The Chief Executive Officer for the Ghana Chamber of Telecommunications, Ken Ashigbey has described as surprising, government’s decision to increase the communication service tax from 6% to 9%.
According to Mr. Ashigbey, unlike past situations, extensive consultations were not held before such a decision was made.
“What has happened for this government is that before the reading of the budget or mid-year budget review, there is normally an engagement. There is a forum called the tax dialogue where Ministry of Finance, GRA and the tax consultants, we all sit together [to hold consultations]. This did not happen before this mid-year review so for us this came as a surprise. We were not expecting communication tax to go up.”
The Minister in justifying the need for the increase said it was to create a viable technology ecosystem in the country.
Government proposes to increase the tax to nine percent to develop the foundation for the creation of a viable technology ecosystem in the country. This will comprise amongst others putting in systems to identify and combat cybercrime, protect users of information technology and combat money laundering and other financial crimes. The increase will not be earmarked, however, the sharing ratio will be adjusted in such a manner that the national youth employment programmes continue to receive the same proportions as they are currently receiving,” the minister said.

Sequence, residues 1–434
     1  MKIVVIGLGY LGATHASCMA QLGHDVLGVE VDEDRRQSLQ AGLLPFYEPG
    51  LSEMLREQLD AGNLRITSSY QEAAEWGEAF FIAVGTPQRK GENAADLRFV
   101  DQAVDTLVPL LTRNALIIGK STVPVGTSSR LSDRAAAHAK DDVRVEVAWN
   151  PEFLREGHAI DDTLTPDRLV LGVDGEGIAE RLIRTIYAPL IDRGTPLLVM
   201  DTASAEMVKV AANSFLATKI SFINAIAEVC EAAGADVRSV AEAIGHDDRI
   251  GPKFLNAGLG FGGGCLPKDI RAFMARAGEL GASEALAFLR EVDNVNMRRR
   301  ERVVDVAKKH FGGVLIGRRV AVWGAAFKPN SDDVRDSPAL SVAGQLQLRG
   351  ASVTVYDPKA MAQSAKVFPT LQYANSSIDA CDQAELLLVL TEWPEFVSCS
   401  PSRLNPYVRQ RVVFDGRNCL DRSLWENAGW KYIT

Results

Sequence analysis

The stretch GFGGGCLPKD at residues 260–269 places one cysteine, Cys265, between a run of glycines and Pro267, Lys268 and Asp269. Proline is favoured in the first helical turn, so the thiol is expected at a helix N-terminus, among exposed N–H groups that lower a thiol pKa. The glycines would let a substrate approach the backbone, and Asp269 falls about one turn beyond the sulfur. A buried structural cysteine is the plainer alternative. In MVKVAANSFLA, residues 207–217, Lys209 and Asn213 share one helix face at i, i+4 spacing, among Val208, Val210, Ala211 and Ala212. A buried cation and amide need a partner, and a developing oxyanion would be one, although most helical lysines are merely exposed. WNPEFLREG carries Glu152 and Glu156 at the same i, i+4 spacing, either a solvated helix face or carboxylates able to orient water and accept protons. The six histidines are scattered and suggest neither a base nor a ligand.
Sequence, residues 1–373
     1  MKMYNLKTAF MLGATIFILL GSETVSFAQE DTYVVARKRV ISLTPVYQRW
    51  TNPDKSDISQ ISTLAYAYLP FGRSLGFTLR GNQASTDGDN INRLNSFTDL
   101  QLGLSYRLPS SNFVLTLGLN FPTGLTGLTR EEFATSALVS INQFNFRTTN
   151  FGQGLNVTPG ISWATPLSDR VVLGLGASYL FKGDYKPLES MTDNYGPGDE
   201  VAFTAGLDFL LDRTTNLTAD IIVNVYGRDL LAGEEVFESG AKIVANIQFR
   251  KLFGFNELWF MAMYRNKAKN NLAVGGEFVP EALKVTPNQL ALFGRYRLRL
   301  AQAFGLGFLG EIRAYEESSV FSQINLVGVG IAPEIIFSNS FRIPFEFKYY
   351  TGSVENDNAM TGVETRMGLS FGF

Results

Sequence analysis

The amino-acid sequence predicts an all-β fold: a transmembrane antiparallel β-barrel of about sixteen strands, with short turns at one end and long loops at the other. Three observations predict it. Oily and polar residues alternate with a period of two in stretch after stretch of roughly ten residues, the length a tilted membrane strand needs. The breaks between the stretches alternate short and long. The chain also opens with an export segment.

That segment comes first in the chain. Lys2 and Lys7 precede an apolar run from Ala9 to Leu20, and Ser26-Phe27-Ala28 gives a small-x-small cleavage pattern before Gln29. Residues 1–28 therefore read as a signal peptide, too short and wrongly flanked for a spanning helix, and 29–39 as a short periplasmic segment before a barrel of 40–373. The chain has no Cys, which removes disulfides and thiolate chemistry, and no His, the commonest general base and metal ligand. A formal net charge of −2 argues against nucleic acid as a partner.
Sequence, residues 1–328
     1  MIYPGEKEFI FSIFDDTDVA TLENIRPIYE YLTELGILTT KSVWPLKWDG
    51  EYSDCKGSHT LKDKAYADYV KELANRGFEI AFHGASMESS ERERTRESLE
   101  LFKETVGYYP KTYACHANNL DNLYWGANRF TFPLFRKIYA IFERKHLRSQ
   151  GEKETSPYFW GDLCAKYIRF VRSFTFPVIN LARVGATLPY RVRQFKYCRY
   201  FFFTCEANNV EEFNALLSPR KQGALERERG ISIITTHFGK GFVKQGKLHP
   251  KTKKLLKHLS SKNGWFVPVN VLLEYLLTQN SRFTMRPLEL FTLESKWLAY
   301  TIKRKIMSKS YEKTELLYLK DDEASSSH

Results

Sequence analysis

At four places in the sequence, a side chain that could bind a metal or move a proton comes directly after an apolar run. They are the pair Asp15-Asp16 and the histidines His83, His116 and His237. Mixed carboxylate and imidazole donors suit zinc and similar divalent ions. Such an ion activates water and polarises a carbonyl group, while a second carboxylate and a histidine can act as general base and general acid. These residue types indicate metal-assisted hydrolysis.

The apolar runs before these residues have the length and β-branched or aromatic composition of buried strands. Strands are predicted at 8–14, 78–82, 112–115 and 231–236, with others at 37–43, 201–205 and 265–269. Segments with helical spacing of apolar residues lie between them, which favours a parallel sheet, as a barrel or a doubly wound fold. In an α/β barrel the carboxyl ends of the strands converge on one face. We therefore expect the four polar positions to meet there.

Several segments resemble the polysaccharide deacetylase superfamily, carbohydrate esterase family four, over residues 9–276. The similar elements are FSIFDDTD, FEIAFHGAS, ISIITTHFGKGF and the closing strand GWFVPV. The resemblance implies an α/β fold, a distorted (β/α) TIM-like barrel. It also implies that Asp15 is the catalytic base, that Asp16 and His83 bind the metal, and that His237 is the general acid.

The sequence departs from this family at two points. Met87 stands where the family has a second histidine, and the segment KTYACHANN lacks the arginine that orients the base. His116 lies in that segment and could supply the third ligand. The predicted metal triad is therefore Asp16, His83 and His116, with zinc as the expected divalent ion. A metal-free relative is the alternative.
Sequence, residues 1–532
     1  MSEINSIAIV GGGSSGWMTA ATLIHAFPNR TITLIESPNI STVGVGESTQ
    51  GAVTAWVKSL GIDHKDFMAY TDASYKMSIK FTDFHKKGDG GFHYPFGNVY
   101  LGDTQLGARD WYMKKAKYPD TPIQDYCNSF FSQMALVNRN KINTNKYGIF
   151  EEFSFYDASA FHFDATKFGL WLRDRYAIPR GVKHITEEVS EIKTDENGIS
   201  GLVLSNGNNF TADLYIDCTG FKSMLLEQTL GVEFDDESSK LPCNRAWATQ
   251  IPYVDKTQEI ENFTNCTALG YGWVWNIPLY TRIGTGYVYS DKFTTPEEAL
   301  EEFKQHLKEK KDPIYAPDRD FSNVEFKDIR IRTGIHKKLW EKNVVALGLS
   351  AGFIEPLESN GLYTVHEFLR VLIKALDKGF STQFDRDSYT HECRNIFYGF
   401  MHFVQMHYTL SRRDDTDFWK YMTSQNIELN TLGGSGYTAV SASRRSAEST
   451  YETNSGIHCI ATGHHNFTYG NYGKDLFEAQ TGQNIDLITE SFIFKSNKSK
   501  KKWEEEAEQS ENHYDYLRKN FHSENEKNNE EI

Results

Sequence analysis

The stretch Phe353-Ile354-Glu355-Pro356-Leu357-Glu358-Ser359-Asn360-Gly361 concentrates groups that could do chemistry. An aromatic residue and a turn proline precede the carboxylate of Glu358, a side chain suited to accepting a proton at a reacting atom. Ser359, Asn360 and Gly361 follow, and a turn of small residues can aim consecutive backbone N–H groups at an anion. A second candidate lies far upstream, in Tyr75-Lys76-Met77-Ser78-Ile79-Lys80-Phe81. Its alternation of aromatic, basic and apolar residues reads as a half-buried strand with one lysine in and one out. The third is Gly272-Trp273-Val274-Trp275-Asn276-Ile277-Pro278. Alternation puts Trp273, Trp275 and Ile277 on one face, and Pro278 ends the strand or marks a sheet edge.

The tax which was introduced in 2008 is charged on the use of communication services in the country including voice calls.
Data from the Ministry of Finance showed that in 2018, the government accrued GH¢420 million from the tax.
In a realated development, the Chief Executive Officer for the Consumer Protection Agency, Kofi Kapito has expressed reservations about the increment, describing it as a lazy approach.
“It is a sad day for consumers in Ghana, especially consumers of telecommunications and consumers that are impacted with the new levy and fuel. We are talking about expanding the digital age, so it should be affordable rather than being expensive.”
“Last year, it came out that in terms of data, Ghana stands out as one of the most expensive data countries in the world so how are we going to catch up with the rest of the world? I think that it is a lazy man’s approach… There are so many ways government can maximize taxes to increase revenue,” he said.